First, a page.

Complications of uterine instrumentation - a preventable misery on rise


  • Abrar Ashraf Ali
  • Syed Nabeel Naqvi
  • Haroon Rafiul Islam
  • Nauman Zahoor
  • Abdul Majeed Chaudhry



Abortion, Illegal. Abortion, Induced. Uterus. Family Planning Services. Abortion Applicants. Uterine Hemorrhage. Uterine Rupture. Maternal Mortality. Peritoneum.


Objective: to determine the intra peritoneal injuries after the illegal uterine instrumentation for illegal abortion. Design: Retrospective study. Place and duration of study: The study was conducted over a period of 3 years in North surgical ward Mayo Hospital, Lahore. Material and methods: 21 patients were included in the study when they present after the illegal instrumentation of uterus for the abortion. Patients were resuscitated and operated in the emergency theatre. Carefully intraperitoneal injuries were recorded and dealt accordingly. Postoperative complications and mortality were recorded. Results: Half of the patients were in the thirties while 4 patients were teenagers. Six patients were unmarried which is approximately 29%. Most of these abortions were done by Dais while 6 were conducted by doctors. Only 35% of the cases present within 24 hours while 28% came to emergency after 10 days of injury. Uterus was injured in more than 76% of cases while fundus is the most common in uterus. Small intestine was damaged in 52%of the patients in which Ileum was injured in 7 patients and jejunum in 4 patients. In 4 patients large intestine was damaged. Ovary and urinary bladder were damaged in one patient each. Resection and exteriorization was done in 14 patients as most of the patients present late and had bad peritonitis. Mortality rate is 5% in our study. Conclusion: Peritonitis is the most common sequel after uterine instrumentation as the unauthorized or untrained personnel mostly do it.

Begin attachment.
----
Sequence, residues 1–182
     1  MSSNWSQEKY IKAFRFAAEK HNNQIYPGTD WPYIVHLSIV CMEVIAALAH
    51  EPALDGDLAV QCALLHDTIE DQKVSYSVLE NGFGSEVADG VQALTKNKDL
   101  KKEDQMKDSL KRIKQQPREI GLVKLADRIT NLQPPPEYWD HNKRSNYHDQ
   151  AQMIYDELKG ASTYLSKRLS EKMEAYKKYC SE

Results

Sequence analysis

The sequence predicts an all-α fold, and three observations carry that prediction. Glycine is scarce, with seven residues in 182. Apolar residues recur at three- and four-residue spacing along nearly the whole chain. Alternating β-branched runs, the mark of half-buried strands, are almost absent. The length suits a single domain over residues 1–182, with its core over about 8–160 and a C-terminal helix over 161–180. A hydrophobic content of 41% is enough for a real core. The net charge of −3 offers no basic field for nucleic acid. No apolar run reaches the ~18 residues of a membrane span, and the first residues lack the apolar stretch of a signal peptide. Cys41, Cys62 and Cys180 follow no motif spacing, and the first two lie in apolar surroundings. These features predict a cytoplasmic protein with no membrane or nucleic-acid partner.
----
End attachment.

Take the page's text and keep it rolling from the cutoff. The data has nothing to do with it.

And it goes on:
How to Cite

Ali, A. A., Naqvi, S. N., Islam, H. R., Zahoor, N., & Chaudhry, A. M. (2016). Complications of uterine instrumentation - a preventable misery on rise. Annals of King Edward Medical University, 10(4).




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